That a large sum of U.S. funding supports Ukraine’s defense against Russian aggression is well understood. What few people know is that the Pentagon, State Department, and the U.S. Agency for International Development (USAID) have teamed up to create a comprehensive monitoring process to ensure that funding is used effectively and transparently. The process appears to be working.
On March 1, House Foreign Affairs Committee Chairman Michael McCaul (R-Texas) summed up what he saw on an official oversight trip that took him to Poland and Ukraine: “To date, no significant acts of fraud or misuse involving U.S. assistance have occurred.” Rep. Lisa McClain (R-Mich.) of the House Armed Services Committee reached a similar conclusion after her own visit to the front. She said, “[When you] actually see the inventory of weapons that we are sending and just how they are getting from Point A to Point B and how we’re tracking them … that, I can assure you, raised my level of confidence. There is a saying, ‘One look is worth 1,000 reports.’”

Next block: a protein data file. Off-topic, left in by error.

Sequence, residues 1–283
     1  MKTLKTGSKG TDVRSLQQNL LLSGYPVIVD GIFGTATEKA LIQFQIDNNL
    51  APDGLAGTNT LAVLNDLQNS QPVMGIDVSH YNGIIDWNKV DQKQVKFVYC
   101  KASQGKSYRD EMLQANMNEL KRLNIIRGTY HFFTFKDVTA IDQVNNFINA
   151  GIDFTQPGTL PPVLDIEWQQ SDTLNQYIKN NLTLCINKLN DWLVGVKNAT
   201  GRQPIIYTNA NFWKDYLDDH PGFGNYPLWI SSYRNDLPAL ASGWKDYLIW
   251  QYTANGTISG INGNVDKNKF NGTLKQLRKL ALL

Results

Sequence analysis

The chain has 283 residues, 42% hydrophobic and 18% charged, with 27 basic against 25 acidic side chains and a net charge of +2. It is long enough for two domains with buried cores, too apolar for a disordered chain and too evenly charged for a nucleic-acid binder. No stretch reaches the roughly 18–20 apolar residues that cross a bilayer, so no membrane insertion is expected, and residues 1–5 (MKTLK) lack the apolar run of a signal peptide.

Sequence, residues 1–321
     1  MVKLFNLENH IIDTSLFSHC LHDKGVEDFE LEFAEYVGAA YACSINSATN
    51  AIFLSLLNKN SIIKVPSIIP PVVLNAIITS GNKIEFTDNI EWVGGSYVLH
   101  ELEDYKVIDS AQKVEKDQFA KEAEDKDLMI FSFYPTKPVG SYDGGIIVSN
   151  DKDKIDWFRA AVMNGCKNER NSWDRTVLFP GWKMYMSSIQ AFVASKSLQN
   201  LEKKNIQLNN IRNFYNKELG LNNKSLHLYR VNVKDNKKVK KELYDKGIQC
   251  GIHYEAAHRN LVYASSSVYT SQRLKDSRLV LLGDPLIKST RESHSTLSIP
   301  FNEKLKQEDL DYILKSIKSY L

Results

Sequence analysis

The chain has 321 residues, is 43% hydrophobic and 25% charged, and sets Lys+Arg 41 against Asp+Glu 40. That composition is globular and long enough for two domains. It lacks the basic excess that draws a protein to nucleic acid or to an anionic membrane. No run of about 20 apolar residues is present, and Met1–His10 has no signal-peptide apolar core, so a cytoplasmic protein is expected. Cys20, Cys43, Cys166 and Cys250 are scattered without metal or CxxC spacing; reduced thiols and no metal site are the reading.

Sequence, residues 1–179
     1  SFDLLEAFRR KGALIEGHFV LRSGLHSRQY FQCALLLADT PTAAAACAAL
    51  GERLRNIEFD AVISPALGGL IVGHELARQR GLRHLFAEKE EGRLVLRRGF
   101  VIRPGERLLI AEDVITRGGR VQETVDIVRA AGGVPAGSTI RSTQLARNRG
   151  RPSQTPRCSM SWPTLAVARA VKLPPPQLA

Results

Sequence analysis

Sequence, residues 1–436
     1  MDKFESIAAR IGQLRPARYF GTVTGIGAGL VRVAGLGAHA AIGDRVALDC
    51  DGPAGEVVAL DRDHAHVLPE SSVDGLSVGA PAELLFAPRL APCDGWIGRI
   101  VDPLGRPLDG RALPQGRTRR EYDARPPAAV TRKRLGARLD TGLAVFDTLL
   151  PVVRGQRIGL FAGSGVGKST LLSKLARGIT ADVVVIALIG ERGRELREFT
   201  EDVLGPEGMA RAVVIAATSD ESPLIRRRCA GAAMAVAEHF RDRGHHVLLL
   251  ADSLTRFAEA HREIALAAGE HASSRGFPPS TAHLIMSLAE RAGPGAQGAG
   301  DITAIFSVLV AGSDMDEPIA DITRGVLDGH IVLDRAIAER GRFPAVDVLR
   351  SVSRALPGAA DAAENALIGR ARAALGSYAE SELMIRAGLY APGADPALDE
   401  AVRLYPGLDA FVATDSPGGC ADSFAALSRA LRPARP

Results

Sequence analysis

While the Ukraine mission commands significant bipartisan support, lawmakers want to be confident, ahead of additional funding votes, that the executive branch is being a good steward of taxpayer dollars. At an open House Armed Services Committee hearing on Feb. 28, lawmakers heard from military and civilian officials, including Pentagon Inspector General Robert Storch, about how the department accounts for weapons and related support.
Maseh Zarif, a national security and foreign affairs policy professional, is director of congressional relations for FDD Action, a nonprofit, nonpartisan organization that advocates for effective policies to promote U.S. national security. Follow him on Twitter @masehz.